Once, protest singers looked and sounded a lot alike: Acoustic guitars and harmonicas, caustic poetry about social injustice, and billows of cigarette smoke turned the ‘60s into a golden age of protest music. But much changed in the decades that followed. In the ‘80s, the target of musical dissent switched from civil rights and Vietnam to apartheid and famine. The iconic, shaggy haired folk singer, whose songs were supposed to change the world, gave way to pop-star collectives who believed they were the world.
Now, with global terrorism and warming, an eerily familiar military quagmire in Iraq, and dire situations in Africa, today’s protest singers still have much to draw upon for inspiration. At the moment, though, protest music occupies an awkward space in popular culture. It’s no longer the subculture it once was, and rather than increasing its power, this mainstreaming has blurred the lines and muffled the message. It probably doesn’t help either that the instruments are plugged in now, the lyrics are sleeker, and smoking will kill you.
Canada, too, has a legacy to impart from the ‘60s, but I’m fairly certain that Gordon, Joni, and Neil didn’t intend to pass the mantle on to Céline, Shania, and Nickelback. Their heirs are the likes of Sarah Harmer and Ron Sexsmith, Chris Brown and Kate Fenner, Danny Michel and Andy Stochansky, David Francey and Craig Cardiff, Jenny Whiteley and Jim Bryson, Great Lake Swimmers, Stars, and the Weakerthans, to name a few.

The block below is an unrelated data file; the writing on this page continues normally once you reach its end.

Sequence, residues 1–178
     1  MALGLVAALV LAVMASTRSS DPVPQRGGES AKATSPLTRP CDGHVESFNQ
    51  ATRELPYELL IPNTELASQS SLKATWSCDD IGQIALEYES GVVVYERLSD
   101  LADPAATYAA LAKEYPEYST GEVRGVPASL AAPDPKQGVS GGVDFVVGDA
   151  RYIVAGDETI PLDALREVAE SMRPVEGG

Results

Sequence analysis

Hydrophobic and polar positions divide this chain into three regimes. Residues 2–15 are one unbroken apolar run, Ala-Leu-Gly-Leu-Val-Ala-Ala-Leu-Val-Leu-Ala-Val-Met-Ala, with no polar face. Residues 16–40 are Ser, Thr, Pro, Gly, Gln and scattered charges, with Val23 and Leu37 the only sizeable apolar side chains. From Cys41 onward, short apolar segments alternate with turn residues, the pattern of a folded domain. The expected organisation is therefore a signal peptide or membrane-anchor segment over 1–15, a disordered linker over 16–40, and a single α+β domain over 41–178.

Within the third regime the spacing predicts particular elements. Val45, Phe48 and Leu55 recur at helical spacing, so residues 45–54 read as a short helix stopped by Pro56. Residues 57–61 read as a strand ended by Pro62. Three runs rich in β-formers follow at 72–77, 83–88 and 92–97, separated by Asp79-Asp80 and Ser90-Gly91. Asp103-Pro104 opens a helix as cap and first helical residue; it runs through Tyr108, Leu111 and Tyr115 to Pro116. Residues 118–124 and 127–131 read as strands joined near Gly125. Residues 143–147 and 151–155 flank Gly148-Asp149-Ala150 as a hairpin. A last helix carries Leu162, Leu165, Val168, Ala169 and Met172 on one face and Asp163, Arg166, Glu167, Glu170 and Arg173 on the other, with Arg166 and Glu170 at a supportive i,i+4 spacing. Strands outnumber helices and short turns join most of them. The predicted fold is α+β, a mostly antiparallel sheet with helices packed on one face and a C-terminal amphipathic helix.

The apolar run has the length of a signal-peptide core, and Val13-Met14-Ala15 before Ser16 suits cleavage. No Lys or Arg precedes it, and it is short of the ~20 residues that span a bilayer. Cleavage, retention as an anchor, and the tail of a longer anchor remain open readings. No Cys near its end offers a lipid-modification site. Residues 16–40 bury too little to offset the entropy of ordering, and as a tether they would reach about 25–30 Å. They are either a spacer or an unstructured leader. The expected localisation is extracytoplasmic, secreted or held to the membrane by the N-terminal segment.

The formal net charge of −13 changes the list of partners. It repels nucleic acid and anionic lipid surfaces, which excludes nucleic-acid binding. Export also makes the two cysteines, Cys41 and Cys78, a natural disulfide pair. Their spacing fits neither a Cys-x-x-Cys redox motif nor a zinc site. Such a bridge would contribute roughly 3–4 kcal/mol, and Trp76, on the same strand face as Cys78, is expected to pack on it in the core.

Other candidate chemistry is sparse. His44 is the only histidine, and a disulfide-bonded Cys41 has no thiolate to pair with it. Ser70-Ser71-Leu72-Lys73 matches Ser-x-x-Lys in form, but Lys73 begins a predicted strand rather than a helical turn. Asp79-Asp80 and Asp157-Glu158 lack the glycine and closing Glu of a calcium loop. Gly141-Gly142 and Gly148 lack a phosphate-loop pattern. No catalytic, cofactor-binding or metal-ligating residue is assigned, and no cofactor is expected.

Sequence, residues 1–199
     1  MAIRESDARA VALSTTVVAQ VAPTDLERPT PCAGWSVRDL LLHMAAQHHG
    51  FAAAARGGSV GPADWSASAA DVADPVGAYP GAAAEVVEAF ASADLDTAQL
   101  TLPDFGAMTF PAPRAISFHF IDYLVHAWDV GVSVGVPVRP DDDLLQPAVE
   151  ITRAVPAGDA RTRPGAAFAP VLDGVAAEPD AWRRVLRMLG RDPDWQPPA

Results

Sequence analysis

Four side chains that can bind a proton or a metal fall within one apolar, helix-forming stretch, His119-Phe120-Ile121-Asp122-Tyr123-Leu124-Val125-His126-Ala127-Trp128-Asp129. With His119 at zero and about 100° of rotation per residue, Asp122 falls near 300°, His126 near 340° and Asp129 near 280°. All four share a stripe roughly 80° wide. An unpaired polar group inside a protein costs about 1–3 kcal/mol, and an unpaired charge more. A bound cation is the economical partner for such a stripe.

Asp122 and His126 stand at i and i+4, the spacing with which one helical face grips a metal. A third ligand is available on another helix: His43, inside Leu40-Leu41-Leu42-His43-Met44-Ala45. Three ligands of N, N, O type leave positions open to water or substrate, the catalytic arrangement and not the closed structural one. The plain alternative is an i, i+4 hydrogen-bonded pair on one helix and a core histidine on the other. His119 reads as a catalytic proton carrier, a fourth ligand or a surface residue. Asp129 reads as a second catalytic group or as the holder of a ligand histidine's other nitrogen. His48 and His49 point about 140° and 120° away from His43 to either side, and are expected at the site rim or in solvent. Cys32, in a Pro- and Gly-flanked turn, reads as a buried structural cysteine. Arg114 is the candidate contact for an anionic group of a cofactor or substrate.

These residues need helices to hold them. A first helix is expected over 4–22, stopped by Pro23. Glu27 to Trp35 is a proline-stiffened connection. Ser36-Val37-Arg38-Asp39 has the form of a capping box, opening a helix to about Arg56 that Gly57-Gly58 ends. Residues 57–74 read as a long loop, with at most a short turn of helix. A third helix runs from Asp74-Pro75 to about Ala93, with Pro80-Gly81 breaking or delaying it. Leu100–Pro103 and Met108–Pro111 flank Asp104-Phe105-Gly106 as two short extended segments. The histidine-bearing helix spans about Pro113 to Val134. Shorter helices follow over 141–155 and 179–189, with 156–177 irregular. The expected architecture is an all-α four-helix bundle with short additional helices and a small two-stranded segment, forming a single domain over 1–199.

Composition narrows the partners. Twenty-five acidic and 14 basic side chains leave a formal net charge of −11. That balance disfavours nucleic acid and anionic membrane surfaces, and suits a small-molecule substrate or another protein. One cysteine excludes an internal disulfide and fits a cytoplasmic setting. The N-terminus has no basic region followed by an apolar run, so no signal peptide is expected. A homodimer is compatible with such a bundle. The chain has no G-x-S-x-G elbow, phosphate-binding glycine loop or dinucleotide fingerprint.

But we shouldn’t also forget the Barenaked Ladies. You may think, aren’t the Barenaked Ladies that harmless novelty band from Canada? What would they have to do with protest music? For anyone paying attention, though, the Barenaked Ladies have become one of North America’s most vital critics and social commentators, not to mention one of Canada’s most prolific bands. But they needed to gain commercial success first (singing, incidentally, about Chinese chicken and chimpanzees should do the trick) before they could mention that the rest of their music actually happens to be about something. To aim high, they’ve had to lay low.
I shouldn’t have to tell you that there’s a great deal more to the Barenaked Ladies than their early-90s kitsch. Obviously, their earliest songs helped shape who they’ve become. Sort of like how Grade 9, however awkward and tragically unfashionable it was for you, played some role in making you who you are now, however awkward and tragically unfashionable you turned out to be. But where many musicians descend into complacency, the Barenaked Ladies have gone to considerable effort to remain relevant. They’ve developed a social conscience. They’re outspoken on political, social, and environmental issues relevant to Canadians. Steven Page, the band’s lead singer, has even been a vocal participant in Canada’s New Democratic Party. The band’s ‘Barenaked Planet’ project is an effort to minimize the band’s environmental footprint while on tour. They have performed at relief concerts for SARS, Musicians Without Borders, Live 8, and Toronto’s AIDS conference. And through the Canadian Music Creators Coalition, which they helped form, they’ve been instrumental in obligating the Canadian government to be more culturally aware.